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The idea of a child’s weight problems or sedentary lifestyle being an abuse/neglect issue is not new. Doctors and therapists have expressed this sentiment as early as the 1970s. With the growing childhood obesity epidemic, a number of states are now even grappling with the removal of severely overweight children from their home. (Barnett, 2009)

While we do not support CPS removal except in the most dire of situations (and only after all other methods of intervention have failed), let us explore some of the evidence that supports classifying this issue as a matter of child neglect. Once again, our goal is not to stigmatize families with weight problems, but simply to represent this issue fairly and accurately in relation to other types of disadvantaged environments.

Why a child’s obesity could be considered child neglect

The child obesity epidemic fits the textbook definition of neglect:

  1. It’s a condition that leads to substantial immediate and long-term risks to a child’s welfare (see the first page of this chapter).

  1. Cumulative research shows that obesity is neither a genetic disorder nor unpreventable – it can be directly tied to lifestyle habits. Even when genetics might play some role, it is a minor one at that (a few extremely rare genetic diseases excluded), and evidence shows lifestyle and behavioral habits promoted by parents will override any genetic markers toward obesity that a child might have.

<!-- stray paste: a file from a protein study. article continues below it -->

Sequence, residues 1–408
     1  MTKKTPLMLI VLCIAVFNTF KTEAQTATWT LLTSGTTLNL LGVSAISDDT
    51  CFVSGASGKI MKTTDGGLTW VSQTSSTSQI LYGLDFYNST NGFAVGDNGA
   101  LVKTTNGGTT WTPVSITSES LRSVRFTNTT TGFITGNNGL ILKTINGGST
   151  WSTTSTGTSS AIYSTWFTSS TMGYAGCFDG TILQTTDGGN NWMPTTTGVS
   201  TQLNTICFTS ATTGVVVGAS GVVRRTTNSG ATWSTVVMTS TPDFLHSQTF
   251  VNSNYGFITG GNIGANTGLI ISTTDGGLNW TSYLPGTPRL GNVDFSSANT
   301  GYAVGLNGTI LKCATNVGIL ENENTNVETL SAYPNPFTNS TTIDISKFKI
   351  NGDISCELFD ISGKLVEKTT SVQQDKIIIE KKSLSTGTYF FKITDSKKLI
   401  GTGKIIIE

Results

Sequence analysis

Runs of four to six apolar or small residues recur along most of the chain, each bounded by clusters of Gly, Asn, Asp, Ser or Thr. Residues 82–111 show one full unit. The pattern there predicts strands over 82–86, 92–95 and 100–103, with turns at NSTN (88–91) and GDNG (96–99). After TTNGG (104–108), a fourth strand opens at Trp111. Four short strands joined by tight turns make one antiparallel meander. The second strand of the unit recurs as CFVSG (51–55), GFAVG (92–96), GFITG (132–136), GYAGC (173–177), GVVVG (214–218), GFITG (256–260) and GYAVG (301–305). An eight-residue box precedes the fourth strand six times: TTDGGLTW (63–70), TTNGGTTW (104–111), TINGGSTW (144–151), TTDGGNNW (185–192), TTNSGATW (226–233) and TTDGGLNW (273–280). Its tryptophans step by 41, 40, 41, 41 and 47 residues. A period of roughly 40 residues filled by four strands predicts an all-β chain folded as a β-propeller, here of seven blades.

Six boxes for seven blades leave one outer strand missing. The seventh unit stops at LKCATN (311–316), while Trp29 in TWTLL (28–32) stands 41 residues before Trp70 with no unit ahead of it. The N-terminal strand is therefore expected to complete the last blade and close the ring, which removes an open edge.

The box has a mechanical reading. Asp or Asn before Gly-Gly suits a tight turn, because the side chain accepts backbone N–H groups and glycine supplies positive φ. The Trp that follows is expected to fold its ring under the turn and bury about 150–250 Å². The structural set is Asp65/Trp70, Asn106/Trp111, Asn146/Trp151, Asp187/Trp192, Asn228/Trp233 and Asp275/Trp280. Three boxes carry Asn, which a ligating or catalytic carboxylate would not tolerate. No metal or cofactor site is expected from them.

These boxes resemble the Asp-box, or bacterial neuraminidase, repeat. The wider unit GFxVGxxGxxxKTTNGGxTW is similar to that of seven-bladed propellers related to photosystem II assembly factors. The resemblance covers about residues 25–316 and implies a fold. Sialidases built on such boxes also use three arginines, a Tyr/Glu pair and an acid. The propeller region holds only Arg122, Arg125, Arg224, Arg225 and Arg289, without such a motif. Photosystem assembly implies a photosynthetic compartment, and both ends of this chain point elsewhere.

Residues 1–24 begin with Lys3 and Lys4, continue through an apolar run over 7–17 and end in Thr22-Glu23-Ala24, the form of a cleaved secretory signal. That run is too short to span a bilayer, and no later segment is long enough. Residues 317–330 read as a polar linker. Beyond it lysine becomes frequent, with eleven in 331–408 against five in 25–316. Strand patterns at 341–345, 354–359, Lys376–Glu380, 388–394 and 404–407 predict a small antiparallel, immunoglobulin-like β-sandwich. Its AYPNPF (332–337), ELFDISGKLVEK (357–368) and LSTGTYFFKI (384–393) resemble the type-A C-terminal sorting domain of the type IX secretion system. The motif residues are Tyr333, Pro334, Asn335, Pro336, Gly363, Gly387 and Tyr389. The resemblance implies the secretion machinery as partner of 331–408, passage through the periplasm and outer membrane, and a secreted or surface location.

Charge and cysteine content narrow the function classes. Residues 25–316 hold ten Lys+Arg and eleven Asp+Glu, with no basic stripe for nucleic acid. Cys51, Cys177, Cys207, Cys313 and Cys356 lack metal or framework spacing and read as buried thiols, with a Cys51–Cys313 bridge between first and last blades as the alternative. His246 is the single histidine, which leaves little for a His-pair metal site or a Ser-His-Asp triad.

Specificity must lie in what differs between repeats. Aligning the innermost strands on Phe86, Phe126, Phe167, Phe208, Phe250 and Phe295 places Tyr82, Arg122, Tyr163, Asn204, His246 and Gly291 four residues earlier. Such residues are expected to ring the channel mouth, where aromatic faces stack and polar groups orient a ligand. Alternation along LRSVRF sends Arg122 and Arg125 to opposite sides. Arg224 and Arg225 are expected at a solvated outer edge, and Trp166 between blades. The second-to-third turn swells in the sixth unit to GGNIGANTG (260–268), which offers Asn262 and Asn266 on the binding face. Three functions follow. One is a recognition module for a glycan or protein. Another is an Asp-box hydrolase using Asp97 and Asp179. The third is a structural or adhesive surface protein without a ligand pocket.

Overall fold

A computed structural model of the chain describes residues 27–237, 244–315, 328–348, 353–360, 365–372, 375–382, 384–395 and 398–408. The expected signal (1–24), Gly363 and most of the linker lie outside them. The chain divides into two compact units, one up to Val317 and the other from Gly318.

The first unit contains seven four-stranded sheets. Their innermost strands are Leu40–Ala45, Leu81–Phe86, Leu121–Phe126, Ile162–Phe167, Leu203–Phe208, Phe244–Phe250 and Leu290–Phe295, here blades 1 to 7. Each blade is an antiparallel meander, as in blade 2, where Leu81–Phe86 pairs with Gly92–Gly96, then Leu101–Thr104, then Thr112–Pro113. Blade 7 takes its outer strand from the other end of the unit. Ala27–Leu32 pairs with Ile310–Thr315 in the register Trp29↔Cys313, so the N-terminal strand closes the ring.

1. Parents have the RESPONSIBILITY and DUTY to provide a healthy environment for their children. Failing to ensure your children receive a healthy balance of diet and exercise is just as much of a care-neglect issue as it would be to deny them food or medical care, fail to provide any type of education, or let them play unsupervised in a dangerous environment.

Linda Spears, vice president of policy and public affairs for the Child Welfare League of America, says that since the health consequences often don’t arise until adulthood, it’s hard to charge parents with child abuse in the matter. (Barnett, 2009) But that doesn’t make the situation any less harmful. We have no interest in seeing parents criminalized for their overweight children, but we do want to see them take this issue seriously.

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